In the Face of Stigma and Violence, amfAR Awards Help Grassroots Groups in Africa Combat Homophobia and HIV
Awards, focusing on seven countries in Africa, boost HIV/AIDS awareness, prevention, testing, and treatment efforts
For Immediate Release
Cub Barrett, Program Communications Manager
NEW YORK, February 22, 2011—As men who have sex with men (MSM) and transgender individuals in many parts of the world face increasing levels of homophobic rhetoric and violence, amfAR, The Foundation for AIDS Research on Tuesday announced a third round of African community awards made through its MSM Initiative, designed to support frontline groups working directly with local MSM and transgender populations.
The eight African awards, which will provide funding for HIV/AIDS services, research, and policy efforts, range from $10,000 to $20,000 each. The need for such awards is especially acute in Africa given the prevalence of HIV among MSM and transgender individuals. These high rates of infection are exacerbated by some of the world’s most punitive laws and policies against MSM, said MSM Initiative Director Kent Klindera.
“Based on the rampant homo- and transphobia and near constant threat of violence faced by MSM and transgender individuals in many parts of Africa, the work these groups do to combat the HIV/AIDS epidemic cannot be overstated,” Klindera said. “They’re doing important, lifesaving, and very difficult work in the face of stigma and discrimination every day, and we consider them vital partners in our efforts to curb the spread of HIV/AIDS on the continent.”
In Africa, where about 23 million people were living with HIV/AIDS in 2009, according to UNAIDS—by far the largest number of people living with HIV/AIDS in the world—funded projects include the first ever qualitative study of HIV knowledge and sexual behavior among transgendered women in South Africa; a prevention and advocacy project for MSM by MSM in Zimbabwe; and two projects in Cameroon that are working together to extend access to HIV education and treatment to MSM throughout the country.
Demonstrating the success of the MSM Initiative’s partners, several of the projects will build on work funded by previous awards—a testament to the return on investment of the awards.
“As we continue to work with many of the groups that have already received funding—and who have already made a difference with it—it’s gratifying for amfAR and our MSM Initiative to see the real impact of the awards we’ve given,” said amfAR CEO Kevin Robert Frost. “We look at these grassroots groups as regional partners in the fight against stigma and the quest to raise awareness about HIV/AIDS, and we’re constantly amazed at their bravery and dedication.”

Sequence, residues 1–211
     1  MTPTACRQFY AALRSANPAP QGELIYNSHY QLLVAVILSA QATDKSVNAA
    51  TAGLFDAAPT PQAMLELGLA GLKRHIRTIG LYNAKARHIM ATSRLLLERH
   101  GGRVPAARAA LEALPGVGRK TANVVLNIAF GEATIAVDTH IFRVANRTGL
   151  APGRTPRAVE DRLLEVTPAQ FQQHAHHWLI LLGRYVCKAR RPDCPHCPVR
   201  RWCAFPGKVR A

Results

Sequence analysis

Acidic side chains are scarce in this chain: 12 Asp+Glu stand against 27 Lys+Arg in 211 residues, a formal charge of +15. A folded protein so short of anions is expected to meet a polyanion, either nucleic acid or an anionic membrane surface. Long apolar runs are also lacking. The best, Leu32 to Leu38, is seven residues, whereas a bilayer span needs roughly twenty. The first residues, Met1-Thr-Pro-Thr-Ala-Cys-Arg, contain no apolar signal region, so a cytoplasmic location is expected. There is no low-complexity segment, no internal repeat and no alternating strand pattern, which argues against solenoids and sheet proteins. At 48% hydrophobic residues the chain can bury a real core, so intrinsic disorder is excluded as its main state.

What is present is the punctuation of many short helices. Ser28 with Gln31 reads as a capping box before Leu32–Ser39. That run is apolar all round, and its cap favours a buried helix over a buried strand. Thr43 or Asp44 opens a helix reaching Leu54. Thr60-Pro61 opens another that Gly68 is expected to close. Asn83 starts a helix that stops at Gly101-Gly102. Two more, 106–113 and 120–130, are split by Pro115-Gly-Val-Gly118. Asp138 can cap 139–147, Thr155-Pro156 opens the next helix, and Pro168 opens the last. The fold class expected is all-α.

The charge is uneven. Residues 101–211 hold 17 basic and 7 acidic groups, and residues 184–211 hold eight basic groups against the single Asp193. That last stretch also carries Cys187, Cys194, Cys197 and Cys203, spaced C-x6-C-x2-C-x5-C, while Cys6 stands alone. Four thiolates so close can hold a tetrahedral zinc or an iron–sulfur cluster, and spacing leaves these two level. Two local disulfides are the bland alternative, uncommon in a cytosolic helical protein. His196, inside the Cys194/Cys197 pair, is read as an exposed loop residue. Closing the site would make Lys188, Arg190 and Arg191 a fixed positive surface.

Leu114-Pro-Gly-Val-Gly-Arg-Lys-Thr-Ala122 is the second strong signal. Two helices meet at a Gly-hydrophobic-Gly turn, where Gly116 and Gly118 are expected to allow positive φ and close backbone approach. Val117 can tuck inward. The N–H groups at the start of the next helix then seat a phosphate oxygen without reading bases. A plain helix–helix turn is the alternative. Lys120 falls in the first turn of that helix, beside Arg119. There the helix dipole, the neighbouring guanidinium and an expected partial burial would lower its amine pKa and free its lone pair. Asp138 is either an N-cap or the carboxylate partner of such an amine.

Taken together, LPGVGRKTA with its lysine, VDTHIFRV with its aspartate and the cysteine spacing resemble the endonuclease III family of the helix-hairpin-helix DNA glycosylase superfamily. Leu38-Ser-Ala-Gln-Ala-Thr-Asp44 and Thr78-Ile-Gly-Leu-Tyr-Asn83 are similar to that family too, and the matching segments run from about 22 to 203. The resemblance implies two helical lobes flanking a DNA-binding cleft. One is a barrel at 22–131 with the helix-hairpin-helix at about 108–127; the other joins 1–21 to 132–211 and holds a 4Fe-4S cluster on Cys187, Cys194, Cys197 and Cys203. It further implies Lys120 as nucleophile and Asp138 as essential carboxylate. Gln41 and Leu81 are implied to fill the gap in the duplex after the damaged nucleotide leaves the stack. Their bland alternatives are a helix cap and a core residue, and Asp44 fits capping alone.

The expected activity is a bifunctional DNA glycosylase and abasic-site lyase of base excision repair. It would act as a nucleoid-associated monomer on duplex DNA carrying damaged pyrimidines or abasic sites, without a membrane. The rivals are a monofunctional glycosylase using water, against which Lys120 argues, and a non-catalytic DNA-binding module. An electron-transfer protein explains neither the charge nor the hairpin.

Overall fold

Since its launch in July 2007, amfAR’s MSM Initiative has made 123 community awards totaling more than US$2.3 million to support 93 frontline organizations serving MSM in 60 countries. Awards have been made in low- and middle-income countries in five regions of the world: Africa, Asia-Pacific, the Caribbean, Eastern Europe/Central Asia, and Latin America.
Studies show that the need for such work is vital: A 2007 analysis of data from 38 low- and middle-income countries showed that MSM are 19 times more likely to be infected with HIV than the general population. These rates are consistent across the globe, even in African nations that have generalized epidemics. Yet according to United Nations estimates, by late 2007, a mere eight percent of MSM had been reached by comprehensive HIV prevention programs.
See the full list of amfAR’s third round of African community awards made through its MSM Initiative
amfAR, The Foundation for AIDS Research, is one of the world’s leading nonprofit organizations dedicated to the support of AIDS research, HIV prevention, treatment education, and the advocacy of sound AIDS-related public policy. Since 1985, amfAR has invested nearly $325 million in its programs and has awarded grants to more than 2,000 research teams worldwide.